“While use cases may be vastly different, there are common design patterns that might apply across them. There needs to be an operating layer for IoT that cares about application life cycle management for IoT applications or infrastructure life cycle management.”

Groopman agrees.

“Having this kind of layer, or a way to connect all of these different datasets, is a systemic opportunity and also a systemic challenge,” she said. “Historically disconnected data sets make it impossible to even gather data sets into something more streamlined. This is a major missing piece and layer.”

An OS Can Provide IoT Security

Groopman calls the technical challenges to creating an OS to manage IoT an opportunity on many levels. While IoT can expose vulnerabilities and increase risks for cyberattacks, building a system from the ground up means having the ability to create a secure system by design.

“IoT is a topology,” she said. “You have the data center, the network, the device, and the firmware. You have these interactions across multiple users. You have different sources of data coming in. It's a really complex ecosystem even for one device. And so the volume of attack surfaces is increasing. And the complexity of the risks at each of those surfaces is also changing rapidly.”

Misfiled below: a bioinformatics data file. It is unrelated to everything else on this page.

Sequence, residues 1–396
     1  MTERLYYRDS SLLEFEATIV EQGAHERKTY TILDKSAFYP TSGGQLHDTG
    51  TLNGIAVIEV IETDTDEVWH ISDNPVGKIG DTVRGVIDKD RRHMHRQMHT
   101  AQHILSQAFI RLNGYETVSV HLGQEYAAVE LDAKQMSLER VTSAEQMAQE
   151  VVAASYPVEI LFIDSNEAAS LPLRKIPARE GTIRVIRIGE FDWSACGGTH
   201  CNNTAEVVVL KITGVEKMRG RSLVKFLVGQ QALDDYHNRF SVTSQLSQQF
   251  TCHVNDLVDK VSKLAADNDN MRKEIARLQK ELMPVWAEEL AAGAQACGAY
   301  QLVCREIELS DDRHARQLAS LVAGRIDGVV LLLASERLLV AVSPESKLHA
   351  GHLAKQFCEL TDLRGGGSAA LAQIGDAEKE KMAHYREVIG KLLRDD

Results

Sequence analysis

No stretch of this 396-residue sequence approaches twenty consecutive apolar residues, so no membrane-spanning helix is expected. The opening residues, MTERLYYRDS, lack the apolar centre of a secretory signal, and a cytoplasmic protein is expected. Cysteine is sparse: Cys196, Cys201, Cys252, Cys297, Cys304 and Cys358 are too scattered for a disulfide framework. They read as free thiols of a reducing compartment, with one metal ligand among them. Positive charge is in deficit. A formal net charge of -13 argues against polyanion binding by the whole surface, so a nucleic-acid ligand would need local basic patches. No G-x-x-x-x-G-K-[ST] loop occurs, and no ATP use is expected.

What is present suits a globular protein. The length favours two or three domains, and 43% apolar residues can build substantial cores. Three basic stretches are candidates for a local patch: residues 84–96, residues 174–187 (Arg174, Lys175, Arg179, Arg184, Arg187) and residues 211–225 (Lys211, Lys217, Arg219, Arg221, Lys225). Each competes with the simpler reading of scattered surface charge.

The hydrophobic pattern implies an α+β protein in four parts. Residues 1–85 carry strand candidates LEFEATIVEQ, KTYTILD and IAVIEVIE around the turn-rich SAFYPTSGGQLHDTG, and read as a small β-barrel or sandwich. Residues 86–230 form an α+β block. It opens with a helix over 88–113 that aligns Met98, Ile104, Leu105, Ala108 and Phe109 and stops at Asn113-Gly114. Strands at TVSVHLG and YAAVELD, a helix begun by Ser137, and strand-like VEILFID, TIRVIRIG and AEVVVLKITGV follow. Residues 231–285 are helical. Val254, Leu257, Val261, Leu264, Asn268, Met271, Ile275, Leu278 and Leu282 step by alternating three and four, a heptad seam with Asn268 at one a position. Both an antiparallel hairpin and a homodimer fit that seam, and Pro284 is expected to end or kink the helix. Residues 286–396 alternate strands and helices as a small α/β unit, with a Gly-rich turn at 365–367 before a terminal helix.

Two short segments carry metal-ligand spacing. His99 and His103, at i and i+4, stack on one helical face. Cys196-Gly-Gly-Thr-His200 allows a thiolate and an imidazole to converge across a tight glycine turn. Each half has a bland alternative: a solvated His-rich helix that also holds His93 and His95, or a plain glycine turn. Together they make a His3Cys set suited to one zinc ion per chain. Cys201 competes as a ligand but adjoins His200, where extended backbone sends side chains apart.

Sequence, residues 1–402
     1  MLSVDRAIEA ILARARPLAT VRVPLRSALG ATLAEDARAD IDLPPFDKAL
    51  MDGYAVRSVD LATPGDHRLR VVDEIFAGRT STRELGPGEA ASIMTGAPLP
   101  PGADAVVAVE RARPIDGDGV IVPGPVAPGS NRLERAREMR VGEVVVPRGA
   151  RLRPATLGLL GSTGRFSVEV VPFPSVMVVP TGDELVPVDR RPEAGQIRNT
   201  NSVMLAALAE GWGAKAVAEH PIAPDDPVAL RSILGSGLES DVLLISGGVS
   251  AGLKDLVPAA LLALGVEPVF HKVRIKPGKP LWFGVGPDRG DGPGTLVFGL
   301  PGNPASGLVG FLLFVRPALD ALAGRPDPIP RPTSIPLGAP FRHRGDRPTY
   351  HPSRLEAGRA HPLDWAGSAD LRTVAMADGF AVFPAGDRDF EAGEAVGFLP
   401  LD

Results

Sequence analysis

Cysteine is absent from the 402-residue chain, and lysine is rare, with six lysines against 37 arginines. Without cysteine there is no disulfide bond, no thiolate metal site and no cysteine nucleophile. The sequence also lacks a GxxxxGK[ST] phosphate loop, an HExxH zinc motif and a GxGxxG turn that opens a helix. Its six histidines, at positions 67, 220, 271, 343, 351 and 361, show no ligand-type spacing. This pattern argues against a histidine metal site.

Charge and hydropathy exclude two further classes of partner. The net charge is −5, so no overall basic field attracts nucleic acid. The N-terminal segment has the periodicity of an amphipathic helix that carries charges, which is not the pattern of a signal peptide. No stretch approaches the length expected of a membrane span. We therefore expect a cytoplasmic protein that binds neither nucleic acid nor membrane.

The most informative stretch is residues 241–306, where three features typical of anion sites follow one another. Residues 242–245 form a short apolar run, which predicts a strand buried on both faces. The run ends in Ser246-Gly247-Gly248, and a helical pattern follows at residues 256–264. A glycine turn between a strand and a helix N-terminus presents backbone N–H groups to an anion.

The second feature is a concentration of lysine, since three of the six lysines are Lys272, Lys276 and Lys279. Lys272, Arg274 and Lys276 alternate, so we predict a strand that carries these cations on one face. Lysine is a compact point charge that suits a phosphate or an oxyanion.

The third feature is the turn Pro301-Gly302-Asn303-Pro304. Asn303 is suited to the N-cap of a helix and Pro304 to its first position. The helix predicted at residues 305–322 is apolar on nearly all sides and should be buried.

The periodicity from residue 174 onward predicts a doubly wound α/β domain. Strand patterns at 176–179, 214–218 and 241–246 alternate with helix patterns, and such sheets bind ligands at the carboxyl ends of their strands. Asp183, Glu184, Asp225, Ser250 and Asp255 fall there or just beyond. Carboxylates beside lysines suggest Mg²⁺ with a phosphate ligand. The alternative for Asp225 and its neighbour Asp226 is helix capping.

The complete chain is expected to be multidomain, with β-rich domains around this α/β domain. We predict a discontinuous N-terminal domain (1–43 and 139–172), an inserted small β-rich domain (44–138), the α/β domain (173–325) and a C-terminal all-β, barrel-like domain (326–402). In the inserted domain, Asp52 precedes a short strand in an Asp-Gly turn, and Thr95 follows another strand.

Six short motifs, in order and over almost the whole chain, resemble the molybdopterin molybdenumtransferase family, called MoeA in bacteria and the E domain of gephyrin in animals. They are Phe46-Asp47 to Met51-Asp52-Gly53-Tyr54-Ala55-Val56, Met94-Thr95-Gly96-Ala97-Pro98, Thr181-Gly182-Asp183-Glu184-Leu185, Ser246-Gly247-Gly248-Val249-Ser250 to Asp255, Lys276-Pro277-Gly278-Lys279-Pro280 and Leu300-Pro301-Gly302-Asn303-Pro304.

And while interoperability and security can both benefit greatly by a ground up IoT-centric OS, Groopman said there are also nontechnical business, societal and cultural barriers that can impede such an approach.

“We don't trust these IoT devices today,” she said. “Whether we're talking about security challenges, privacy challenges, or just data governance. We do not have an infrastructure standard for trust around not just the devices and those device identities, and who has access and who controls those devices, but the data that they emit and how that data is used. So the question of trust in governance is arguably just as important as the technical barriers to get from where we are today to what we envision as this more predictive autonomous future.”

Groopman goes further and said the challenge for IoT and a potential OS isn't just connecting apps, platforms, APIs, data centers and devices. It needs to be a meaningful connection. Helping to think of data as an asset —an asset to be stewarded, not just as fuel to drive business models — can help provide that definition within organizations.

“There's a lot of talk today of data as oil,” she said. “But in many ways, thinking about data as an asset, an asset that is not necessarily owned but stewarded, based on parameters and controls, is one of the most essential questions to the future of the economy.”

The coming tidal wave of data is one to two magnitudes beyond what the systems of today can handle, according to Vaghani. He said this calls for a machine-to-machine OS, designed from the ground-up to allow for interoperability across all of the IoT landscape for decades to come.

Brian Carlson is a contributing writer. He is Founder of RoC Consulting and was Editor-in-Chief of CIO.com and EE Times. Follow him on Twitter @bcarlsonDM